Sean started a new job two weeks ago. This was a big move for him. He’s worked for the same company for 13 years, learning, growing, moving up the ranks. It was a very tough decision for him to leave, and they were sad to see him go too.
This change wasn’t motivated by the usual factors. It wasn’t for a more prestigious position or more money. While he will be learning new things that will benefit his career long term, a big draw to this new job was the chance to have a healthier work-life balance.
It’s a much better commute. No more hours on the highway between downtown Toronto and the burbs is a really big deal. But even better, this job also promises to be mostly nine-to-five, which is something we simply don’t know in this house. In his old job, Sean was always working — always checking in, always needing to be available to solve problems day or night, always spending his evenings catching up because his days were spent in meetings. And that wasn’t when a major project was going on, which would completely consume him.
On paper, my work situation seems the ultimate in work-life balance. I work three days a week, mostly from home (that’s when I do my job with the Today’s Parent Special Editions) and my kids are in daycare these days. But I’m a freelancer, which means my work doesn’t always stop at my “day job.” There’s this blog (and I’m sorry I’ve been a bit absentee — balance, you know!), and other interesting opportunities that come my way that I don’t want to pass up. But because the kids are with me the other two days of the week, that work is pushed to evenings and weekends. And, while working at home is great (I won’t complain) there’s a pervading feeling that I could always be working. After all, it’s sitting there, just a few feet away in my office, waiting. And since Sean was always working…
So we’ve been thinking a lot about work-life balance at our house. It’s a term that was thrown around a lot in the media a few years ago. The quest for work-life balance. Is work-life balance possible? Three families tell you how they achieve work-life balance.
But there’s a problem inherent in the term. “Work-life balance” assumes that people have their work, and they have their life, and it’s just these two pieces that need to be in balance. But that’s not it — that’s not my reality, anyway. There needs to be another category, another four-letter-word: kids.
For me, lumping everything that’s not my paid work into one manageable entity is a recipe for failure. Parenting is its own beast. Balancing it with everything else is the true challenge for me. It’s when I’m only working and parenting that I feel my least balanced, my least productive, my least peaceful.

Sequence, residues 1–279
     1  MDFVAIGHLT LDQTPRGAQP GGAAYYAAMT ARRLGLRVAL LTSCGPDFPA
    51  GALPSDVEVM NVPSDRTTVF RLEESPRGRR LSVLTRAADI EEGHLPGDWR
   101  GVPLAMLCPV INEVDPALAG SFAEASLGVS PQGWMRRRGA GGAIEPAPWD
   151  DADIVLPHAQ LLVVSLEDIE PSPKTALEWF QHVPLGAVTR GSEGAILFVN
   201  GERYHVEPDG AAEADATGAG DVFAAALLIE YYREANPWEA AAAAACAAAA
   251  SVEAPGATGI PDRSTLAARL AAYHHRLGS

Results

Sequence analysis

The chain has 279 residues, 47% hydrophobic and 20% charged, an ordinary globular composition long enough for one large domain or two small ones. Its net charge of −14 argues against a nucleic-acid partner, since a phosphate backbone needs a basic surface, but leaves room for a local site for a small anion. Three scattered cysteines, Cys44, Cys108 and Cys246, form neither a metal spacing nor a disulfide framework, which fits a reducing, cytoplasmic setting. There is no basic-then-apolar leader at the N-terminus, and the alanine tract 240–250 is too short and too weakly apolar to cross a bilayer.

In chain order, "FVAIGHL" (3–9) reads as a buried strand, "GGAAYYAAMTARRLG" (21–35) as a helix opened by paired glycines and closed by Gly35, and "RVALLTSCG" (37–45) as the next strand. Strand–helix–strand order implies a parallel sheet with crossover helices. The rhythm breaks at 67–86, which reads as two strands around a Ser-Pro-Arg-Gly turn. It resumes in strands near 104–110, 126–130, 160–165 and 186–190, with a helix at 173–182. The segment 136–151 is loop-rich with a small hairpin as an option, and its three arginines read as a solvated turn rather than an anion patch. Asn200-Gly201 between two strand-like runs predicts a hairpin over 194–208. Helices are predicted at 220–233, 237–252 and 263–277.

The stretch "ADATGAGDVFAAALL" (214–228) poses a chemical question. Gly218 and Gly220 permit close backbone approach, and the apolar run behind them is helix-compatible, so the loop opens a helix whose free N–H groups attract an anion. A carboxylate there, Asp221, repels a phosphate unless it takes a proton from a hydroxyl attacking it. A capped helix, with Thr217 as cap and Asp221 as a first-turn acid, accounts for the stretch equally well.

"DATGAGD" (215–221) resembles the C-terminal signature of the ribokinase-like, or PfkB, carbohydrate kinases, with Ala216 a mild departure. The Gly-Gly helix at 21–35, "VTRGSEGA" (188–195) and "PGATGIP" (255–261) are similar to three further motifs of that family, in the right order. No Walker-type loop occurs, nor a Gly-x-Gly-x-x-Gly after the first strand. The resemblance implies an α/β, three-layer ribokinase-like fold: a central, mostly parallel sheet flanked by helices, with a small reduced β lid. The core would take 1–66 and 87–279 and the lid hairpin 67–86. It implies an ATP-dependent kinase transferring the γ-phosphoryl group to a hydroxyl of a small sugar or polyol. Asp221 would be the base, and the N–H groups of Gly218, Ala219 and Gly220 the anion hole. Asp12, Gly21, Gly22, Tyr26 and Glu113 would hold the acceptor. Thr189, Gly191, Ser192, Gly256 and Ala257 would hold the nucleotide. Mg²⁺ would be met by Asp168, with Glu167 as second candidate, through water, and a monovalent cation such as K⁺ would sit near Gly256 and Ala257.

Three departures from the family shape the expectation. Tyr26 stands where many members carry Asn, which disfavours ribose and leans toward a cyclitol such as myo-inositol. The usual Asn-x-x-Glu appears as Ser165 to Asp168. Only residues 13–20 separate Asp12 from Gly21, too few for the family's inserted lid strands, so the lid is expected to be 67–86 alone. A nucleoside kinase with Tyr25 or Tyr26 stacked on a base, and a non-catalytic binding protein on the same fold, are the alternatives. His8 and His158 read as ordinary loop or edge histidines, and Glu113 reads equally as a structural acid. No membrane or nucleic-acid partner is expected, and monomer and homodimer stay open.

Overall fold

When do I feel balance in my life? When I’m on top of my work and I’m enjoying my time with my kids, but most importantly, when there’s time between those things to do something I want to do — and I don’t mean the laundry. Cuddling with my husband on the couch and catching up on some TV shows. Reading a book. Going for a run. Meeting friends for dinner or calling one for a long overdue catch-up. Going shopping by myself. Doing anything like this without feeling guilt over the things I should or could be doing instead.
For me, it’s about not having every waking moment of every day crammed with tasks. It’s about days not punctuated with rushing and stress. I’ve enjoyed these phases and appreciate when it’s all working, and also realize we can’t have balance all the time — life is too unpredictable. But I never underestimate the importance of getting it back, and have learned to reach out to my husband, my kids, my friends when I need a hand.
I think we are getting to a better place with our work-kid-life balance. Sean’s new job is helping me grasp that it’s not normal or healthy to tuck the kids into bed after a long work day, only to go back to work. And with that, I’ll sign off.
Do you agree that we should think of it as work-kid-life balance? Do you feel you have a healthy balance in your life, or do certain areas always get the short shrift (you, for example)? If you have it, how do you hang onto it?